KOLKATA: Ahead of the Duke of Cambridge Prince William's visit to Kaziranga National Park in Assam tomorrow, a human rights body has appealed to him to raise issues of the tribals living around the forest.
Officials of Survival International, a non-government organisation, said they had contacted the Prince who is patron of several conservation charities and urged him to raise the concerns of tribes people about "heavy-handed conservation policies" with the Indian authorities.
"This is the perfect opportunity for Prince William to speak out against summary executions carried out in the name of conservation. Extrajudicial killings should have no place in conservation today," Director, Survival International, Stephen Corry said.
"Why aren't the big conservation organisations loudly condemning this kind of knee-jerk brutality? Instead, they are supporting anti-tribal conservation policies, which play right into the hands of the gangsters who are running international poaching rings," he said, adding that targeting tribal people diverts action away from tackling the poachers and harms conservation.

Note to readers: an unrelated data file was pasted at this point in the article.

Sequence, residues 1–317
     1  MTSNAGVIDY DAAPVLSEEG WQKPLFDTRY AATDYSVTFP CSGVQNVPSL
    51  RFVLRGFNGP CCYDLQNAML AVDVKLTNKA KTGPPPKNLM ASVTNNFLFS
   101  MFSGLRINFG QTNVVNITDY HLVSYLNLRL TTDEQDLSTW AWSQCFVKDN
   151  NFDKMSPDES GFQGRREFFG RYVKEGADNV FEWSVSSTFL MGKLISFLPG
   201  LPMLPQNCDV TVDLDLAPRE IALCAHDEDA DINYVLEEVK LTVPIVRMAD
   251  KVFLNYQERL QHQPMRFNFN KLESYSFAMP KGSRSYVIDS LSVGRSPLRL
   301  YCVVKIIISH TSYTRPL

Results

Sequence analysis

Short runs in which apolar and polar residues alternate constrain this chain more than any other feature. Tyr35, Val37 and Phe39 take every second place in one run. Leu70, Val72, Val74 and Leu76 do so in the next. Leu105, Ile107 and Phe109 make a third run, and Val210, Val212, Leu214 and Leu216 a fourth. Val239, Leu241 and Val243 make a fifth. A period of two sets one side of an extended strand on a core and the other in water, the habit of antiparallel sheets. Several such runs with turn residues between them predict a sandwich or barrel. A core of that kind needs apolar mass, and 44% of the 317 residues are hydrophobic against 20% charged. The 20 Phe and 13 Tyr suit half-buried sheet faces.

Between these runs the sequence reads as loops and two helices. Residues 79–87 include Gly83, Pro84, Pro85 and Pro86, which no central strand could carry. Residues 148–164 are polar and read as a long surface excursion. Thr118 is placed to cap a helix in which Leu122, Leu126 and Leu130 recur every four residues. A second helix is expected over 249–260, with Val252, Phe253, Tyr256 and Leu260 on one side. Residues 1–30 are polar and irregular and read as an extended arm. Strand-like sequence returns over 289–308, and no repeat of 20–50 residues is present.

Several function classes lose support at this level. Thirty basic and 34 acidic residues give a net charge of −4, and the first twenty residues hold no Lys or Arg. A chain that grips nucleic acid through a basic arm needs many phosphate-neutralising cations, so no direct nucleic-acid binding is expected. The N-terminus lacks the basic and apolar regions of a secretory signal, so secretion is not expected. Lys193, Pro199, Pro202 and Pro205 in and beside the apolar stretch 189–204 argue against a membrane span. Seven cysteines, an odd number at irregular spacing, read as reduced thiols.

The NGO has claimed that 62 people have been shot dead by wildlife guards in just nine years in Kaziranga.
Tribal activist Gladson Dungdung said: "If you want to protect a tiger reserve you also have to protect the 'adivasis' and the forest, only then they will exist, if 'adivasis' are not there you won't find tigers as well."
The royal couple is scheduled to visit the Kaziranga forest, famed for the one-horned rhinoceros, tomorrow morning and enjoy a jeep safari inside the park.